Thanks largely to a movie debuting across the United States, Edward Snowden is back in the media spotlight and his fate debated anew.
Snowden is the former intelligence contractor who leaked sensitive documents about secret U.S. surveillance programs in 2013. He then fled the United States and has since been living in Moscow after Russia granted him political asylum.
Snowden claims to be a whistleblower who uncovered surveillance activity by the National Security Agency that was eventually deemed unconstitutional and then prohibited by congressional action. Federal prosecutors charged him with three felonies under the 1917 Espionage Act.
Three human rights organizations are urging President Barack Obama to pardon Snowden for his alleged crimes, which they characterize as “an act of conscience.” But a new House Intelligence Committee report portrays Snowden as “a serial exaggerator and fabricator” who caused” tremendous damage to national security.” The committee urged Obama against a pardon.
White House spokesman Josh Earnest said Wednesday Snowden should return to the U.S. and face the charges against him.
Edward Snowden: patriot or pariah?
Pardon Edward Snowden
Kenneth Roth & Salil Shetty – The New York Times
Mr. Snowden’s whistle-blowing prompted reactions across the government. Courts found the government wrong to use Section 215 of the Patriot Act to justify mass phone data collection. Congress replaced that law with the USA Freedom Act, improving transparency about government surveillance and limiting government power to collect certain records. The president appointed an independent review board, which produced important reform recommendations….
Eric H. Holder Jr. struck a more measured tone in May, about a year after he left office as Mr. Obama’s attorney general. He recognized that while Mr. Snowden broke the law, “he actually performed a public service” by raising the national debate on surveillance practices….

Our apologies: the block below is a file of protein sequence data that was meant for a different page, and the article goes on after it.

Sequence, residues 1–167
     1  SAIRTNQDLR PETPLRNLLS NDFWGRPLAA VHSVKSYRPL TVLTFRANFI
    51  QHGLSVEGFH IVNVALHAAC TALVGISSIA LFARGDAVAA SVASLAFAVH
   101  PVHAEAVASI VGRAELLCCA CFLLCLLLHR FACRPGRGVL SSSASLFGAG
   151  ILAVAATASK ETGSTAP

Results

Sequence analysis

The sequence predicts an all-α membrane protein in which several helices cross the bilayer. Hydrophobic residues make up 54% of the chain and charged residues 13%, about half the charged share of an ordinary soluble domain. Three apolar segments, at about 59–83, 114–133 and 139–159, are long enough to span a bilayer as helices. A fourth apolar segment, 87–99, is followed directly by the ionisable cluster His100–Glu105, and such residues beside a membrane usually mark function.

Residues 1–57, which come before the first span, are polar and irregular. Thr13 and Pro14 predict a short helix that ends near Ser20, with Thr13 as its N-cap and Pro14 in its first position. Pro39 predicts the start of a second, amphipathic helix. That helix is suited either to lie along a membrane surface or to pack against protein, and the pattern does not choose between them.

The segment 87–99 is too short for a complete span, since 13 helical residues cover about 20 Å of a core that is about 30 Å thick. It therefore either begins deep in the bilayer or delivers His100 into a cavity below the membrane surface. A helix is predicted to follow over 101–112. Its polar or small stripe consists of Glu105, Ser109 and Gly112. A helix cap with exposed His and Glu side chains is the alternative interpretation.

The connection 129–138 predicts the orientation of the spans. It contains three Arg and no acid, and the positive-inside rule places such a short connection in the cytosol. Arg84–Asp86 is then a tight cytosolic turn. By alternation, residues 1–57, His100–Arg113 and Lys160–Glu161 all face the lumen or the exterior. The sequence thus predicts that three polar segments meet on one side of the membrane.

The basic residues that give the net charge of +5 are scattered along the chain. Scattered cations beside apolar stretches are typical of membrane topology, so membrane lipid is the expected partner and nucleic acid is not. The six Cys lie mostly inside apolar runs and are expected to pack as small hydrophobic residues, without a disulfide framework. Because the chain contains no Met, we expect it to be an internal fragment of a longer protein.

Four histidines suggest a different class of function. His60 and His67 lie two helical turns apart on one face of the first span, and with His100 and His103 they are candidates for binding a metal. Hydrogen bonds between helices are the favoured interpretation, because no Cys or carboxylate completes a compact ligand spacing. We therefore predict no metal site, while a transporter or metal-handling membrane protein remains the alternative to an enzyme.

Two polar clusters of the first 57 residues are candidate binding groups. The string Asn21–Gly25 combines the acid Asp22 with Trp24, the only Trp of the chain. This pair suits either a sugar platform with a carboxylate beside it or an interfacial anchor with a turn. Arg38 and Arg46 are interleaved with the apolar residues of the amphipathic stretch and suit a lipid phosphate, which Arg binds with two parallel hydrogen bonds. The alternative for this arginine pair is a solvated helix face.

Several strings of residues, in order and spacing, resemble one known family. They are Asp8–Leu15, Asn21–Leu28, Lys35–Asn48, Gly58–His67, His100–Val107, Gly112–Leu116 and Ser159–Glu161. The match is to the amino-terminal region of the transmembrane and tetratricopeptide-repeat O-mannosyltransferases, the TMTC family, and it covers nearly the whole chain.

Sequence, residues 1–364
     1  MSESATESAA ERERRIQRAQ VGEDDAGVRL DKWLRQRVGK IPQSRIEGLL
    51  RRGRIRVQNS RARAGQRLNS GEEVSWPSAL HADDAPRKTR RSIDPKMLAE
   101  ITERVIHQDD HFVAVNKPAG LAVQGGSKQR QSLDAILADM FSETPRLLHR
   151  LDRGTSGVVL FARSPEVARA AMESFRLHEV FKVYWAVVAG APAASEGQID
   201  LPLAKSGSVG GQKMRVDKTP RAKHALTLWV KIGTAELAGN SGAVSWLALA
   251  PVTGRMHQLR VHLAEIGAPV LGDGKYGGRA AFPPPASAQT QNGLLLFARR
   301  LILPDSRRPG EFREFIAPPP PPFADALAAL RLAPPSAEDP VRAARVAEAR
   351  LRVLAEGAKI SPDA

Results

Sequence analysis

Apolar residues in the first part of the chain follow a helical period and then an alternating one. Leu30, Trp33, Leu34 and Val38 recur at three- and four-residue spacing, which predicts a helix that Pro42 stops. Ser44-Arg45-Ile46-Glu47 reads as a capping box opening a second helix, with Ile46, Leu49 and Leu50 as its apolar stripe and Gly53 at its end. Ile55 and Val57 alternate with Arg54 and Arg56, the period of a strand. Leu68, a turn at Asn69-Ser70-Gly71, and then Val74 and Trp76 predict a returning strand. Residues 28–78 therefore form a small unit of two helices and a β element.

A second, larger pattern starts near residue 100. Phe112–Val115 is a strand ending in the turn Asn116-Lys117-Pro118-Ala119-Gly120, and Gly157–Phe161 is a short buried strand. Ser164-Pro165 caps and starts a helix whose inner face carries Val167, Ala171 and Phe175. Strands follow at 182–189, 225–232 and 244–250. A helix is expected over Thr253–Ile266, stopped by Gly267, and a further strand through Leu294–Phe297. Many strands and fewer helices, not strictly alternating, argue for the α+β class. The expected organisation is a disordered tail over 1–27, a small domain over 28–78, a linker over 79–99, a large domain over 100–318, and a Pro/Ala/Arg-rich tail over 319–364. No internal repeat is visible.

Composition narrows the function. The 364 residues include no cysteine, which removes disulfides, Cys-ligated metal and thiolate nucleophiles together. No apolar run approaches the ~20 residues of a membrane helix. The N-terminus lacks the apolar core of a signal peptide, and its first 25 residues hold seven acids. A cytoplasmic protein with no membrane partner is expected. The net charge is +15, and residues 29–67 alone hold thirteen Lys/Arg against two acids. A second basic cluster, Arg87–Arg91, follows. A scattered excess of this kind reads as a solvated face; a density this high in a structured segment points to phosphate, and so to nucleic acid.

The enormous value of Mr. Snowden’s revelations is clear. What was their harm? Scant evidence has been provided for many officials’ ominous statements.
WATCH: Excerpt of interview with Edward Snowden conducted by The New York Times on September 14, 2016.
Pardon Me, I’m Edward Snowden
Alex Beam – Boston Globe
Speaking by video link from his de facto Moscow prison, Snowden argued his case to a Guardian interviewer: “This isn’t about me, it’s about us,” he said. “Yes, there are laws on the books that say one thing, but perhaps this is why the pardon power exists — for the exceptions.”
That’s not really why the pardon power exists — it’s to correct judicial malfeasance, among other things — but never mind that. Why does Snowden get to pick which laws apply to him and which don’t? If you can’t do the time, don’t do the crime.
WATCH: White House Spokesman Josh Earnest responds to a question about the possibility of a presidential pardon for Edward Snowden
Former CIA Officer: President Obama Should Pardon Edward Snowden
Barry Eisler – Time
All nations require some secrecy. But in a democracy, where the government is accountable to the people, transparency should be the default; secrecy, the exception. And this is especially true regarding the implementation of an unprecedented system of domestic bulk surveillance, a mere precursor of which Senator Frank Church warned 40 years ago could lead to the eradication of privacy and the imposition of “total tyranny.”
That today we are engaged in a meaningful debate about whether such a system is desirable is almost entirely due to the conscience, courage and conviction of one man: Edward Snowden. Without Snowden, the American people could not balance for themselves the risks, costs and benefits of omniscient domestic surveillance. Because of him, we can.
WATCH: Official trailer for the movie “Snowden”
Why President Obama Won’t, and Shouldn’t, Pardon Snowden
Jack Goldsmith – Lawfare
[I]t is naïve or disingenuous to think that the damage to U.S. intelligence operations was anything but enormous….Much remains unknown regarding the extent of the damage (because the intelligence community cannot publicly say much beyond generalities) and the specifics of Snowden’s actions and motivations (because DOJ is preserving a criminal prosecution). I imagine we would learn considerably more information—from both sides, but especially from the government—if a criminal trial ever took place….
Another reason why Snowden won’t and shouldn’t be pardoned for his actions is that doing so would have a demoralizing effect on the thousands of intelligence community personnel who devote (and in some cases risk) their lives to U.S. national security, and who follow the rules laid down by Congress and the President, and whose work was diminished, and whose jobs were made much harder, as a result of Snowden’s non-U.S. related disclosures.